Next, the minuses. It has done very little to deal with the real problem of fiscal contraction in the coming year, making the recovery much slower. If the sequester is canceled in two months, or even if it is canceled but “paid for” with tax increases on high-income earners (or in a dream world where policy that was efficient and popular actually became law, by something like a financial transactions tax), then much of this fiscal drag could still be averted. But it hasn’t been yet—and the prospect of paying for it with a reasonable estate tax seems to have sailed because of this deal, which is a real shame. The permanent enshrinement of low dividend tax rates is bad policy, and looks especially ugly when paired with tax breaks for lower-income households that are not permanent, but sunset in five years. On the bright side, “permanent” really just means “until another Congress changes its mind,” so there’s that to hope for. And, the bright line on revenue increases—that Bush-era tax rates would phase out on income more than $250,000—was broached, and the income limits on these higher rates was raised. Apparently the “middle-class” that Congress is always pledging to protect now starts at $450,000 in taxable income.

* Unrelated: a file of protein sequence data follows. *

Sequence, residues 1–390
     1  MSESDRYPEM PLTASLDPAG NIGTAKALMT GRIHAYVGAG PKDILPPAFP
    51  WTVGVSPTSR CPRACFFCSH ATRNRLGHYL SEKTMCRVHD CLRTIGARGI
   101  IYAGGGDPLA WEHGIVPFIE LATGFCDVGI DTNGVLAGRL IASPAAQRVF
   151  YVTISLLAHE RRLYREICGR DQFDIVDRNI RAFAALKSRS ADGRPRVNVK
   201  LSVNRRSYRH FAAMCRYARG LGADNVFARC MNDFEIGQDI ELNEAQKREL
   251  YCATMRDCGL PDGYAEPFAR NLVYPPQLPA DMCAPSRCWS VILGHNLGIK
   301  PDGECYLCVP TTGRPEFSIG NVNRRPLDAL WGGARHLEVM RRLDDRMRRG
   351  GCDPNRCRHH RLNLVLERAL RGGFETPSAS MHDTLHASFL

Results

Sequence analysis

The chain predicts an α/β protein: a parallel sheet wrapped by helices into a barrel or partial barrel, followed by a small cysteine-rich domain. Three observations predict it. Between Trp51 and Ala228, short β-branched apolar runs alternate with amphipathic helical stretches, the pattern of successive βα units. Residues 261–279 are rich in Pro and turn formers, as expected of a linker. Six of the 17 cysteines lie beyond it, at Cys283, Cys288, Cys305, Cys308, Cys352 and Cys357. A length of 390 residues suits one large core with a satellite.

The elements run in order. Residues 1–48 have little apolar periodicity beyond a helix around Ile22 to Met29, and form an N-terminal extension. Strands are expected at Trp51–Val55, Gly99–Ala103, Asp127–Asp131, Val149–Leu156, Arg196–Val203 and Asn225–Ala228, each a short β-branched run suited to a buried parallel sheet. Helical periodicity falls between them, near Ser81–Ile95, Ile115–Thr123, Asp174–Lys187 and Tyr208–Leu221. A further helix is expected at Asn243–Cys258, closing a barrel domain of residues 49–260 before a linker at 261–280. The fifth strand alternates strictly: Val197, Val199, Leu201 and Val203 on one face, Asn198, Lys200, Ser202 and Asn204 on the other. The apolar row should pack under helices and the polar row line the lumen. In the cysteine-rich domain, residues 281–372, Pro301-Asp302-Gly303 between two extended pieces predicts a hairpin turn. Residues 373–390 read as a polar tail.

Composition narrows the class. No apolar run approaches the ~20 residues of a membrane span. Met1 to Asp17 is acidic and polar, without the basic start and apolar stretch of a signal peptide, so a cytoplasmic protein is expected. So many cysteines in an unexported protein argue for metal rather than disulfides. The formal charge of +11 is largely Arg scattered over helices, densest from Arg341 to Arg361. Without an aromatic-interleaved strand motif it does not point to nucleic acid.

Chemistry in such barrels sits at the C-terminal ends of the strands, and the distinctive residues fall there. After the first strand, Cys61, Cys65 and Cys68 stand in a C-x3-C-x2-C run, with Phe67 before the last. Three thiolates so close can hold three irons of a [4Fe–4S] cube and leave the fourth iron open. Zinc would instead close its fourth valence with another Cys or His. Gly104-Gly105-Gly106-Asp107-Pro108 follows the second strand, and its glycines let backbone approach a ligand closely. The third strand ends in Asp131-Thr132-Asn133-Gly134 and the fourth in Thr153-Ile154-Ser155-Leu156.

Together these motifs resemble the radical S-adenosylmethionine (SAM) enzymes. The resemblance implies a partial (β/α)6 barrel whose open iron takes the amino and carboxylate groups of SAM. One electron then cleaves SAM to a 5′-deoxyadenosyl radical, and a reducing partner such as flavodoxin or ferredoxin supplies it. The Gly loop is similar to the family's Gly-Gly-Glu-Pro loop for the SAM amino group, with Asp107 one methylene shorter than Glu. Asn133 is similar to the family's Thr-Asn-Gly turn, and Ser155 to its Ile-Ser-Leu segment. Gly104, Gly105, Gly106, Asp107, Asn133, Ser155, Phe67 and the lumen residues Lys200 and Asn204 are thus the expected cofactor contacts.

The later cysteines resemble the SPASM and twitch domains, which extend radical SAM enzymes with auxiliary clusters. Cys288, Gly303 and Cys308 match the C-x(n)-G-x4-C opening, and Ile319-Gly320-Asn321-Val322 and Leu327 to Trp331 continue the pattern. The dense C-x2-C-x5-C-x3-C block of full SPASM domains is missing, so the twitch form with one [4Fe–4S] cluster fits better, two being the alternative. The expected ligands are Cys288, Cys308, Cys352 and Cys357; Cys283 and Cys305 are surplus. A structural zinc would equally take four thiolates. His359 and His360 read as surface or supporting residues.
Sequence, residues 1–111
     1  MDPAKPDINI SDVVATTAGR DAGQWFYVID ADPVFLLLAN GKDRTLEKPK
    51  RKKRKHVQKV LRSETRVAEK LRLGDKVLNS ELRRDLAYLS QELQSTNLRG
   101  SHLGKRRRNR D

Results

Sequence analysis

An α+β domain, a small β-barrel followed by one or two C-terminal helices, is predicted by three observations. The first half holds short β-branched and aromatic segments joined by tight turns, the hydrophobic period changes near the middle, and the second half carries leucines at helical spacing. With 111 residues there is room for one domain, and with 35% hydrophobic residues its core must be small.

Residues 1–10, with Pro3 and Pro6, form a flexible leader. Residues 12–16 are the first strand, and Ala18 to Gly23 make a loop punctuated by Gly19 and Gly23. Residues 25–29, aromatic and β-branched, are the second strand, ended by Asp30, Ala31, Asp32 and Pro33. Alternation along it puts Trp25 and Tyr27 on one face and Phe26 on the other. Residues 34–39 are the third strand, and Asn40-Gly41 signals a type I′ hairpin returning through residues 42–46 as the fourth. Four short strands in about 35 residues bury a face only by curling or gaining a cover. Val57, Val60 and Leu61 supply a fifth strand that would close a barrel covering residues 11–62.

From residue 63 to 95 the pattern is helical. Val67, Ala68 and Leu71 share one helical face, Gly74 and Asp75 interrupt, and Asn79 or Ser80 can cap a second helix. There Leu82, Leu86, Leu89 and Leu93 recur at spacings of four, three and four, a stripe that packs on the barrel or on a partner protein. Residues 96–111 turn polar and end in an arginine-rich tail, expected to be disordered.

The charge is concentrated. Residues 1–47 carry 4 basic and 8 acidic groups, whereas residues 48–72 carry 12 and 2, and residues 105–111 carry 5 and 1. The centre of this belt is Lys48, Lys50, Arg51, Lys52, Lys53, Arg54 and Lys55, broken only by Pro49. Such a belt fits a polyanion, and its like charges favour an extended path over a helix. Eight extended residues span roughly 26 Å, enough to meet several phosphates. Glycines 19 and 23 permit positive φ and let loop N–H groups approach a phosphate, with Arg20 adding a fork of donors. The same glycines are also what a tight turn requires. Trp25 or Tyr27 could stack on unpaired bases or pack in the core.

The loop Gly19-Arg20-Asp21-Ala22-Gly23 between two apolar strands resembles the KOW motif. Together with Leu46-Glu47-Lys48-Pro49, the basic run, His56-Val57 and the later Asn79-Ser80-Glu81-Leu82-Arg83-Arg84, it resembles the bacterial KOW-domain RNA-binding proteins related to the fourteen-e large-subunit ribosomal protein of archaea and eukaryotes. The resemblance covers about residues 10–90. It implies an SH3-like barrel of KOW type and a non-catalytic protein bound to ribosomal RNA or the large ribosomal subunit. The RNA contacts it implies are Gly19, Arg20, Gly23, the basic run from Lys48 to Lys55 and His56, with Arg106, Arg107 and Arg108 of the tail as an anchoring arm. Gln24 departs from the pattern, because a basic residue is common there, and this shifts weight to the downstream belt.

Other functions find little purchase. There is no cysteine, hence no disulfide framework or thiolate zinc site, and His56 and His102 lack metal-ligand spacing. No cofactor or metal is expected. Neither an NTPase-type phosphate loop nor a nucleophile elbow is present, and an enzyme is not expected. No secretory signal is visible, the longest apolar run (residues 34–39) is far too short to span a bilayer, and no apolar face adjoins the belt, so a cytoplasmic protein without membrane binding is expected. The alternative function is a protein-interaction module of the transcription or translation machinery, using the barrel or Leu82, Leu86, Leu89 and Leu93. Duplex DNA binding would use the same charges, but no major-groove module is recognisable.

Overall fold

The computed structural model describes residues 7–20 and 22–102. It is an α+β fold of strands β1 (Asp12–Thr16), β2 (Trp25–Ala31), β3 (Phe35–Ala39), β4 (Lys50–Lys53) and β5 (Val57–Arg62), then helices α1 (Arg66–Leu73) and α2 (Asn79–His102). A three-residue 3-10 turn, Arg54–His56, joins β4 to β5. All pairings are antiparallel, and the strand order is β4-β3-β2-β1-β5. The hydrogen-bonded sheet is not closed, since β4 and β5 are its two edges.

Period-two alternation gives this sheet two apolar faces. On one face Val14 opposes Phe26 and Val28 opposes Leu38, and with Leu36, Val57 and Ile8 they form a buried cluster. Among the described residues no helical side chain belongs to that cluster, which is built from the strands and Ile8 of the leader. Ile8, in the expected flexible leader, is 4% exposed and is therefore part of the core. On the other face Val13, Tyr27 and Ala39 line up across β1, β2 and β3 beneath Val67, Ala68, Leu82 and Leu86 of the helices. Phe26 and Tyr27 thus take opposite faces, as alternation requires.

And the big minus is that the verdict on the “sequester” will be decided just as the nation hits the statutory debt ceiling. GOP members of the House of Representatives clearly are hoping this will give them leverage to force their own agenda. And it worked before. Which means that this time, the Obama administration needs to be deadly serious about not negotiating over the debt ceiling.